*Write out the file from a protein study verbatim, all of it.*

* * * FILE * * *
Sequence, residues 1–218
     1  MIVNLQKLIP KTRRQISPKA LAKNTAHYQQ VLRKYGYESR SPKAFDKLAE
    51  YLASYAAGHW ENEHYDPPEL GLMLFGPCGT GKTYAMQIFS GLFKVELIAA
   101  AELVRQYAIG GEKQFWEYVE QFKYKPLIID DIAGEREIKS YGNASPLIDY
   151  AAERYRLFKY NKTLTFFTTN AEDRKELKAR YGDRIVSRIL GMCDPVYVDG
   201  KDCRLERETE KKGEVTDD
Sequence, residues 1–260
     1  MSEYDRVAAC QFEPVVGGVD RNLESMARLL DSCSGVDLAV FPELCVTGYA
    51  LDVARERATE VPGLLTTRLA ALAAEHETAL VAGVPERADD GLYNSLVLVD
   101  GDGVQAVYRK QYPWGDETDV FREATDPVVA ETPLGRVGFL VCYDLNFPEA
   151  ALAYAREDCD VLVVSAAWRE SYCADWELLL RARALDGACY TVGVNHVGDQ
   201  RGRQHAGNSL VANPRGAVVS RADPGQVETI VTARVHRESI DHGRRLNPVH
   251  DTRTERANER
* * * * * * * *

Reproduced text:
Sequence, residues 1–218
     1  MIVNLQKLIP KTRRQISPKA LAKNTAHYQQ VLRKYGYESR SPKAFDKLAE
    51  YLASYAAGHW ENEHYDPPEL GLMLFGPCGT GKTYAMQIFS GLFKVELIAA
   101  AELVRQYAIG GEKQFWEYVE QFKYKPLIID DIAGEREIKS YGNASPLIDY
   151  AAERYRLFKY NKTLTFFTTN AEDRKELKAR YGDRIVSRIL GMCDPVYVDG
   201  KDCRLERETE KKGEVTDD
Sequence, residues 1–260
     1  MSEYDRVAAC QFEPVVGGVD RNLESMARLL DSCSGVDLAV FPELCVTGYA
    51  LDVARERATE VPGLLTTRLA ALAAEHETAL VAGVPERADD GLYNSLVLVD
   101  GDGVQAVYRK QYPWGDETDV FREATDPVVA ETPLGRVGFL VCYDLNFPEA
   151  ALAYAREDCD VLVVSAAWRE SYCADWELLL RARALDGACY TVGVNHVGDQ
   201  RGRQHAGNSL VANPRGAVVS RADPGQVETI VTARVHRESI DHGRRLNPVH
   251  DTRTERANER